Northern Arizona University researchers have concluded the spores that can cause Valley fever thrive in wet conditions. Researchers say previous scientific hypothesis was the fungus, Coccidioides, likes a hot, dry environment.
Oct. 3, 2021
This town set a monsoon rain record this year — and Phoenix got close
Monsoon season went out with some moisture for parts of the Phoenix area on Thursday. Overall this year, the Phoenix metro region had 5.8 inches over 23 days of measurable rain. That’s the second most behind 1896 with 24 days.
Oct. 1, 2021
Why a billionaire thinks he can build a sustainable desert city
The Arizona desert could be the home of a new, proposed sustainable city. Billionaire Marc Lore wants to build his city, called Telosa, which he envisions as upwards of 150,000 acres, using environmentally-friendly architecture and a “water system that is resistant to drought.”
More Arizona Sustainability News
Oct. 1, 2021
Arizona failed to properly monitor groundwater pollution, report finds
The Arizona Department of Environmental Quality is responsible for protecting the environment, but a new audit report says the agency has failed to perform many required tasks in monitoring groundwater for pollution — in some cases the neglect has been for nearly three decades.
Oct. 1, 2021
This $60M project will study why brains age differently
The National Institutes of Health has awarded a five-year, $60 million grant to a national project for studying why people's brains age differently. The University of Arizona will lead the Precision Aging Network, which will include scientists and technologies from TGen and Arizona State University.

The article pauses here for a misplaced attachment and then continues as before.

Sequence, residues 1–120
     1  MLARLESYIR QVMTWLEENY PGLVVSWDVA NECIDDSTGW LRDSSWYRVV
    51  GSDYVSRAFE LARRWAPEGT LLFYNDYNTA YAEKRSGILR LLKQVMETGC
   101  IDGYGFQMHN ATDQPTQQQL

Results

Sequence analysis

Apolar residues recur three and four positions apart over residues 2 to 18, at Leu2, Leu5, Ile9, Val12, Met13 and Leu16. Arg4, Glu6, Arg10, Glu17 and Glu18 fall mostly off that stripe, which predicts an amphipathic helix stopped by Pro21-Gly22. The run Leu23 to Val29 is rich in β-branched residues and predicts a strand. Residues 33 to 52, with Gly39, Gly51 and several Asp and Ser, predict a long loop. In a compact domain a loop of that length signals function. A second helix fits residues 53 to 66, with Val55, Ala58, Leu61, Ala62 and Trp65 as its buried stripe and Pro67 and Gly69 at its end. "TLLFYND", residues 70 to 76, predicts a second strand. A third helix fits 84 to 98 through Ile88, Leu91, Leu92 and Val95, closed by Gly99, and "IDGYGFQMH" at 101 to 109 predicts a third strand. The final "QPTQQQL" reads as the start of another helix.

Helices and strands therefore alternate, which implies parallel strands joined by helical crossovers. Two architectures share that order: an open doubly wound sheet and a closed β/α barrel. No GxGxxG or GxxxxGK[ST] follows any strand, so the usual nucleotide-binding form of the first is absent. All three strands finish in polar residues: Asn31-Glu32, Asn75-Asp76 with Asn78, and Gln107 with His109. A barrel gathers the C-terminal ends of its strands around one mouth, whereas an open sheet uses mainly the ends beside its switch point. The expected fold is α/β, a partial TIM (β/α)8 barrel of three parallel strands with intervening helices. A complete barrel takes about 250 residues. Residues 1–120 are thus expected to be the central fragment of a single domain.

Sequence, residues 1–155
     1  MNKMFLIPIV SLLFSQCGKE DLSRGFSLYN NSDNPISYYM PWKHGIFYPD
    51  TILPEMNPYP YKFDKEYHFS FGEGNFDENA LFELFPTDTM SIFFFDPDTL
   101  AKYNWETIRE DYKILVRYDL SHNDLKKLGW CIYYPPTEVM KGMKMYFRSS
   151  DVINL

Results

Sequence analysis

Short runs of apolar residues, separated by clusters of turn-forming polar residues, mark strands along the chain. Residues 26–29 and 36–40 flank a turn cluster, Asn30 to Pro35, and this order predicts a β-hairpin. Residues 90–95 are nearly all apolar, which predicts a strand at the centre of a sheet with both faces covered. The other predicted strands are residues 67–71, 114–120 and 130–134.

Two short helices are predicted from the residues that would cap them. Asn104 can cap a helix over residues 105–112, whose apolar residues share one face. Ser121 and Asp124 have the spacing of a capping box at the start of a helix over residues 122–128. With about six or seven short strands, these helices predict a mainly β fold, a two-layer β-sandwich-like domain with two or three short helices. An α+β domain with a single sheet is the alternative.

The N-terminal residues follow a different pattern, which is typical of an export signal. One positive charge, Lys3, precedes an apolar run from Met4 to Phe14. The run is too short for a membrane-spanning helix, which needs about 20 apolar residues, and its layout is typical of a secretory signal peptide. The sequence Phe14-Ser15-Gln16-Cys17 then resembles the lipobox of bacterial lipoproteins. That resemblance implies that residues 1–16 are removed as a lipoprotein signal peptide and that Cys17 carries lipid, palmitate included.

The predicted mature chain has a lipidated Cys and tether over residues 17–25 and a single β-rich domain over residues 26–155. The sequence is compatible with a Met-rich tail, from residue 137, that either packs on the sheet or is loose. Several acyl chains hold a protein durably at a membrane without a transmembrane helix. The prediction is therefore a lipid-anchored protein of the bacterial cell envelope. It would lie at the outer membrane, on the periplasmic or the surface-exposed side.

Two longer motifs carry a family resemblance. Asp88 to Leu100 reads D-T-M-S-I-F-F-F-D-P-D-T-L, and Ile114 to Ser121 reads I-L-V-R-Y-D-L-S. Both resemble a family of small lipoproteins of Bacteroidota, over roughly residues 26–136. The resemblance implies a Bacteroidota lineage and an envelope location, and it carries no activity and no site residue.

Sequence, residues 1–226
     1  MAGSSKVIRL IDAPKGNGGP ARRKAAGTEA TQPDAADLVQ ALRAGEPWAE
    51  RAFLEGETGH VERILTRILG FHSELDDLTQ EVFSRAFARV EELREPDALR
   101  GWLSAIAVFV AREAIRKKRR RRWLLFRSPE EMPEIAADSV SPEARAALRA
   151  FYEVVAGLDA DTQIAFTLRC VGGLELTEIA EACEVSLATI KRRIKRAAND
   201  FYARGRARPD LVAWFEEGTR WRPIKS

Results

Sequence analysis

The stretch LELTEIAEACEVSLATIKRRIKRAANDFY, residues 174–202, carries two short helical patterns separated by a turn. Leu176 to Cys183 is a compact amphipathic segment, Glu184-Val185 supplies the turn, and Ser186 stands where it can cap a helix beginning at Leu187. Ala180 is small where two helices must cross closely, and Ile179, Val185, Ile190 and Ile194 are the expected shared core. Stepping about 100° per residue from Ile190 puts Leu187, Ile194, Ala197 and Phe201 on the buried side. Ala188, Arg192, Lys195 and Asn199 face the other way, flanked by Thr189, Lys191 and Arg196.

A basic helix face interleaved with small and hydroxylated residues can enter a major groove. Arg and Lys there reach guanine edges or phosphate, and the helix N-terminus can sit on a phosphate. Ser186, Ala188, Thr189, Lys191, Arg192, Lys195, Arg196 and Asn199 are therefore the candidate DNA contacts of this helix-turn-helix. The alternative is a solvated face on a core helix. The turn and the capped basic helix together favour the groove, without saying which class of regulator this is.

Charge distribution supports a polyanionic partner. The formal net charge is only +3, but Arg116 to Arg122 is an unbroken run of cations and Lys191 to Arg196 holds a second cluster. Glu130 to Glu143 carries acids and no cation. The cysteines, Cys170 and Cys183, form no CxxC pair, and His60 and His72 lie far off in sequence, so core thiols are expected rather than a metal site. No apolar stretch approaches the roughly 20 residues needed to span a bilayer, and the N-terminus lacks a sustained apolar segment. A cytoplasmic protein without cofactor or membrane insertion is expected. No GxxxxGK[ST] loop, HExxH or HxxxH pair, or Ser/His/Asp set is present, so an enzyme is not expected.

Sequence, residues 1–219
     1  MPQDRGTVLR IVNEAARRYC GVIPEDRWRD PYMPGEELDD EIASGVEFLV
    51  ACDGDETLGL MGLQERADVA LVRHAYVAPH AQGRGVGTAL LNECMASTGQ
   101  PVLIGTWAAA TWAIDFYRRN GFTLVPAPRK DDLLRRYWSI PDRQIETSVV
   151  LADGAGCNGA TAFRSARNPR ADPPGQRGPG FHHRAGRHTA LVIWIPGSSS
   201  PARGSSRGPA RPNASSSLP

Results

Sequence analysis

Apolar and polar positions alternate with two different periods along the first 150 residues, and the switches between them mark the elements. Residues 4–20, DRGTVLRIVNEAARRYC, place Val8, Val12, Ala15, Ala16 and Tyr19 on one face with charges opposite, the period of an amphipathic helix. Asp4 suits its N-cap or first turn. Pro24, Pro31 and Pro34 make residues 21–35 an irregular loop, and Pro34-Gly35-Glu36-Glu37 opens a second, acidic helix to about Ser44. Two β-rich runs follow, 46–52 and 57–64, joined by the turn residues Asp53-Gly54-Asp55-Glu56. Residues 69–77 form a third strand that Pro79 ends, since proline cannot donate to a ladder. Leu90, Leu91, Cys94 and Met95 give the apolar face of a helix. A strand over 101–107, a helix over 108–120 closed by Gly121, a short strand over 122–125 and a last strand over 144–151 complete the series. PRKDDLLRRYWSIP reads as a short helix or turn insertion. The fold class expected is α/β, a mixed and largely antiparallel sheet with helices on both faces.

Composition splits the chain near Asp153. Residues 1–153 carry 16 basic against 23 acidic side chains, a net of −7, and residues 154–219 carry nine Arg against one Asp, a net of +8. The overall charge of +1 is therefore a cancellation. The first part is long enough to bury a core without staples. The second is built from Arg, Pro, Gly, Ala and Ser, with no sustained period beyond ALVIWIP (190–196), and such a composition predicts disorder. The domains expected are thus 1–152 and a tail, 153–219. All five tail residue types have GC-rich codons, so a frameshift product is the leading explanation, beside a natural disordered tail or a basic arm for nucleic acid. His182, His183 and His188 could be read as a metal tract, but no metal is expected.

Oct. 1, 2021
23 species have gone extinct. These animals could be next
The federal government has declared 23 species officially extinct. And evolutionary ecologist John Wiens says these likely won't be the last species to disappear from the planet.
Sept. 30, 2021
The Liver Could Hold The Key To A New Type 2 Diabetes Treatment
Ben Renquist is an associate professor in the University of Arizona’s School of Animal and Comparative Biomedical Sciences, and he has been working on a new target to treat Type 2 diabetes. His lab focuses on how fatty liver affects the health of people with obesity, and he believes that organ could hold the key to a new treatment for Type 2 diabetes.
Sept. 30, 2021
10 People In Maricopa County Have Died From West Nile Virus In September
The mosquito-borne West Nile virus is circulating in Maricopa County and is causing an unusually high number of deaths this year. Ten people have died so far in the month of September alone.
Sept. 29, 2021
NASA And USGS Launch Gilbert-Built Landsat 9
On Monday, NASA successfully launched its Landsat 9 satellite. The spacecraft was built, tested and fitted with instruments by Northrop Grumman’s Satellite Manufacturing Facility in Gilbert.
Sept. 29, 2021
COVID-19 Hospitalizations Slowing, AZ ICUs Still 92% Full
COVID-19 hospitalizations in Arizona are slowing after a summer surge, but the virus continues to strain health care resources in the state.
Sept. 29, 2021